HLA-B27 subtypes share many structural features, including their pocket B, which interacts with a conserved Arg residue at the second position of B*2705-bound peptides. Subtypes differ among each other at other locations in the peptide binding site. In this study, metabolic labeling and radiochemical pool sequencing were used to address the following issues: (a) presence of the Arg 2 (R2) motif among peptides bound to the various HLA-B27 subtypes; (b) influence of mutations inside and outside pocket B on this motif; and (c) the degree of similarity among the peptide pools bound to the various B27 subtypes. Sequencing of Arg-labeled peptide pools extracted from B*2701 to B*2706, and from two site-directed mutants of B*2705 with changes outside pocket B, indicated that all of these molecules bind peptides with Arg at position 2. Peptides from several mutants with changes altering the structure of pocket B, and from one mutant at the pocket B rim, also retained the R2 motif. However, this was absent in the peptide pool extracted from the M45 mutant, in which the negative charge of pocket B, conferred to HLA-B27 by Glu45, was canceled. These results indicate that alterations outside pocket B, and even disruption of the network of hydrogen bonds that stabilizes Arg binding in pocket B, do not impair binding of peptides bearing the R2 motif, but a nonconservative substitution at position 45 does. As a substantial fraction of anti-B*2705 cytotoxic T lymphocyte (CTL) clones crossreact with the M45 mutant (Villadangos, J., B. Galocha, D. Lopez, V. Calvo, and J. A. Lopez de Castro. 1992. J. Immunol. 149:505) this result suggest that determinant mimicry by nonidentical peptides may frequently account for unexpected CTL crossreactions. Metabolic labeling with various other amino acids and radiochemical sequencing revealed similarities, but also substantial differences, among the peptide pools from the various HLA-B27 subtypes. This strongly suggests that many peptides bind to multiple subtypes, but significant subsets of peptides bound to a given HLA-B27 subtype do not bind to other subtypes or do so with greatly altered efficiency. These results indicate the importance of polymorphism outside pocket B in modulating peptide binding to HLA-B27.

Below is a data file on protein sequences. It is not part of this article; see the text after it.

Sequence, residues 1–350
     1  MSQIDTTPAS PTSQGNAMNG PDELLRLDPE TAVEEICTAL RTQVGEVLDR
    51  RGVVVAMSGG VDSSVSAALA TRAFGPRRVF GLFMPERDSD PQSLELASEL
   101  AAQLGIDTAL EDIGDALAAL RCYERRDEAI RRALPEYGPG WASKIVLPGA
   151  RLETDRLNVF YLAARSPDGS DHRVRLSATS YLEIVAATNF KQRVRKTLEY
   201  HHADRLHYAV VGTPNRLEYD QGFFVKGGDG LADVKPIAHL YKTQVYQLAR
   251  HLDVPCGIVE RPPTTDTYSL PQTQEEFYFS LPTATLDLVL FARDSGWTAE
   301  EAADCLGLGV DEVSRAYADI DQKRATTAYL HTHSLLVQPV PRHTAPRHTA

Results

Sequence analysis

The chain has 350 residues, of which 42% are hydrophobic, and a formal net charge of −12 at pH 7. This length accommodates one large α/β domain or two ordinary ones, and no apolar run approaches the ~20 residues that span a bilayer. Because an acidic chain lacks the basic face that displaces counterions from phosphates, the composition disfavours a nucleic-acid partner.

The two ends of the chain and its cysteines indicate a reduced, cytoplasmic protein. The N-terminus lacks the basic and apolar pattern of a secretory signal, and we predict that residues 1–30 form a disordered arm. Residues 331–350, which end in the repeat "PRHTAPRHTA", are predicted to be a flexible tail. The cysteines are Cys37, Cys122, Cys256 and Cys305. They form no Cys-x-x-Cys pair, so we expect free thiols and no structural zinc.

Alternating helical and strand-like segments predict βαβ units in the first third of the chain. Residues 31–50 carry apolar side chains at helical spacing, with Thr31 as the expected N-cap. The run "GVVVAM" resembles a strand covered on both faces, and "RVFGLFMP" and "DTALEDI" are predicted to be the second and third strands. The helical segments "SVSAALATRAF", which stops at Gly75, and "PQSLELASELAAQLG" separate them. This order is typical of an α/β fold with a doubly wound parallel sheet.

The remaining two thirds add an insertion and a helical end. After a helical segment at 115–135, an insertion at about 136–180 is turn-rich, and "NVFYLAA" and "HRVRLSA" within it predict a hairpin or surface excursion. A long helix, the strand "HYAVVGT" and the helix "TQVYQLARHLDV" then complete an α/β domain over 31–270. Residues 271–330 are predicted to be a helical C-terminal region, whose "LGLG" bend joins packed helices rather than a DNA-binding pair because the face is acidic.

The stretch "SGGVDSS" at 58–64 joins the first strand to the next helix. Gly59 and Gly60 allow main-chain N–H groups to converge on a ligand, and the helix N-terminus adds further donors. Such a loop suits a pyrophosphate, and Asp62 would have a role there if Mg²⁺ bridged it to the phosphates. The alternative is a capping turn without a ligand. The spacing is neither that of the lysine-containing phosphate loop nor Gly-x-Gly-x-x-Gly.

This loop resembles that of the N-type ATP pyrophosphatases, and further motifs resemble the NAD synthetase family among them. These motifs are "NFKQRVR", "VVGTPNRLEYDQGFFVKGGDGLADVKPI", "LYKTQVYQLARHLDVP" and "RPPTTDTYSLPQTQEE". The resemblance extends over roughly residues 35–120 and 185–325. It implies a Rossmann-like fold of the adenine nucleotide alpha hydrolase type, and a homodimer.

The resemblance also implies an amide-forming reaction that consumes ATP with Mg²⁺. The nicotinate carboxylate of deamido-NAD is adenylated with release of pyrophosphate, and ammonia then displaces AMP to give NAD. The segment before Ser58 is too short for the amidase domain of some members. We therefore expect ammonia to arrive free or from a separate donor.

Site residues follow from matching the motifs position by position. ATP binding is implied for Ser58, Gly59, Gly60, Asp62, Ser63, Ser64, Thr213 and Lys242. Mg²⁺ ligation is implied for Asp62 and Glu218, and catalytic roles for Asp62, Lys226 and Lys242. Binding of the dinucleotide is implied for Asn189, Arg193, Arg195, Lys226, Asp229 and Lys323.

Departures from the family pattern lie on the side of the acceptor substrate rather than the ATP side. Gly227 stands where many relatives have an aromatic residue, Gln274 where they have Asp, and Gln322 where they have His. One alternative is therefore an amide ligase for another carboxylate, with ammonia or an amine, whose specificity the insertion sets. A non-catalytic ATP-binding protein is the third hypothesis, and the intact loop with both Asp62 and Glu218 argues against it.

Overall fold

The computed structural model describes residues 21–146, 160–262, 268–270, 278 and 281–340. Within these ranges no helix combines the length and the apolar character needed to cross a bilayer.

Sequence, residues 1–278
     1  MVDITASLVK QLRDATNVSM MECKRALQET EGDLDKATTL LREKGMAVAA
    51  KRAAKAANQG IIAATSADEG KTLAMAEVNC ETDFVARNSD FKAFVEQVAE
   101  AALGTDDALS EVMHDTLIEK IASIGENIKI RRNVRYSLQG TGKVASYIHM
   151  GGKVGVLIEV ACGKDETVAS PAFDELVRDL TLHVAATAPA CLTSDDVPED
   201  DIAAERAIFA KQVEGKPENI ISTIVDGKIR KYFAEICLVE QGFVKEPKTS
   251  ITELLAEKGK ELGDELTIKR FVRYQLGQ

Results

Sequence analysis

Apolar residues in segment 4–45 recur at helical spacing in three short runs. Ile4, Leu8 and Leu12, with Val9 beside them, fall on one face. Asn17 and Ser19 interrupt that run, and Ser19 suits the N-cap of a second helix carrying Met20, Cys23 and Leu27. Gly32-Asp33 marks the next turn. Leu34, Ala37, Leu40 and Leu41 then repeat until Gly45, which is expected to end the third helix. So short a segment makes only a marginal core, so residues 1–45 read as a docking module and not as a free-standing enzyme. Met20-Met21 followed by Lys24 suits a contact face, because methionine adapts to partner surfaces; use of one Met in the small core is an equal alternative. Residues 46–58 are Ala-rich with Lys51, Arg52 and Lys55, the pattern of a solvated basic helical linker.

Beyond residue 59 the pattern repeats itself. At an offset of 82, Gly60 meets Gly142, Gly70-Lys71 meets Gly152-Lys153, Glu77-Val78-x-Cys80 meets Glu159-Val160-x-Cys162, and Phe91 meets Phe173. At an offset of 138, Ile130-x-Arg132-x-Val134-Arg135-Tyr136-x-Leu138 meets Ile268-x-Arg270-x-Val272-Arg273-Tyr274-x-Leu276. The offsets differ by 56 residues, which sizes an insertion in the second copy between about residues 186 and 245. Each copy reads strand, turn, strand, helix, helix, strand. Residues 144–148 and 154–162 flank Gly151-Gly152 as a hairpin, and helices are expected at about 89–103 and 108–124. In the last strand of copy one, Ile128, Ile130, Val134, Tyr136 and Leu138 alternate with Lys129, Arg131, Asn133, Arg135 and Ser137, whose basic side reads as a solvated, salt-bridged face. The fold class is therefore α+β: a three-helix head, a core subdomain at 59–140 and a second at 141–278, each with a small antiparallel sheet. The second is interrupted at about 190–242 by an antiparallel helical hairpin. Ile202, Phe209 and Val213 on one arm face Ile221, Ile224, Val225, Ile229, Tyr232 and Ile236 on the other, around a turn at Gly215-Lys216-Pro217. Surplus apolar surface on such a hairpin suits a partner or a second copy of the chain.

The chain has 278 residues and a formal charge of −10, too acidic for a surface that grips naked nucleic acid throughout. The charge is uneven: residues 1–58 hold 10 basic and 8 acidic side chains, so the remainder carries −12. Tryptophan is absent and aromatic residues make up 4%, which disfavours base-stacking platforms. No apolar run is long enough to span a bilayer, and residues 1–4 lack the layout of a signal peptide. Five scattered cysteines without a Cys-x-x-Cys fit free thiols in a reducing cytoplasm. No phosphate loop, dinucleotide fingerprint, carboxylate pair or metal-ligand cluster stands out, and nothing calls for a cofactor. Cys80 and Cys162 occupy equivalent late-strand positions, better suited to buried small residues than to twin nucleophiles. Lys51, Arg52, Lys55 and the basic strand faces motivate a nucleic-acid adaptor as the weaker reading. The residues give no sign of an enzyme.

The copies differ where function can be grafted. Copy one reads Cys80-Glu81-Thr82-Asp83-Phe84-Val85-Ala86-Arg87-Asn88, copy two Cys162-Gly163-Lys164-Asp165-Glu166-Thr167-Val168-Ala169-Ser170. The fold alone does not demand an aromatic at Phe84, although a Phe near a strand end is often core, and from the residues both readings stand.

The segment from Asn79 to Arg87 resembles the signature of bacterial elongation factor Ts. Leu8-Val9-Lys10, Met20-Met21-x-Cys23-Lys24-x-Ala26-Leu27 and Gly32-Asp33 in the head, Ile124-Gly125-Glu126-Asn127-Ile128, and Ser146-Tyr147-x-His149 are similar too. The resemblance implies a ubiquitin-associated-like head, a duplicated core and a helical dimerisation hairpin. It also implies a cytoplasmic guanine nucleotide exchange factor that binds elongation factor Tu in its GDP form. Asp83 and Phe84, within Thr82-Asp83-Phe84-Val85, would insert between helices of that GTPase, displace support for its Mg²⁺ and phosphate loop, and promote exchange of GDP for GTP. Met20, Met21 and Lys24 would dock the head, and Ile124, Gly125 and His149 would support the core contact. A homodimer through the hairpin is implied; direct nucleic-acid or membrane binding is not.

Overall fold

The MS2 RNA operator capsid offers an unparalleled opportunity to study sequence-specific protein-protein and RNA-protein interactions in molecular detail. RNA molecules encompassing the minimal translational operator recognition elements can be soaked into crystals of RNA-free coat protein shells, allowing the RNA to access the interior of the capsids and make contact with the operator binding sites. Correct interpretation of these structural studies depends critically on functional analysis in solution to confirm that the interactions seen in the crystal are not an artefact of the unusual approach used to generate the RNA-protein complexes. Here we present a series of in vivo and in vitro functional assays, using coat proteins carrying single amino acid substitutions at residues which either interact with the operator RNA or are involved in stabilizing the conformation of the FG loop, the site of the major quasi-equivalent conformational change. Variant operator RNAs have been assayed for coat protein affinity in vitro. The results reveal the robustness of the operator-coat protein interaction and the requirement for both halves of a protein dimer to contact RNA in order to achieve tight binding. They also suggest that there may be a direct link between the conformation of the FG loop and RNA binding.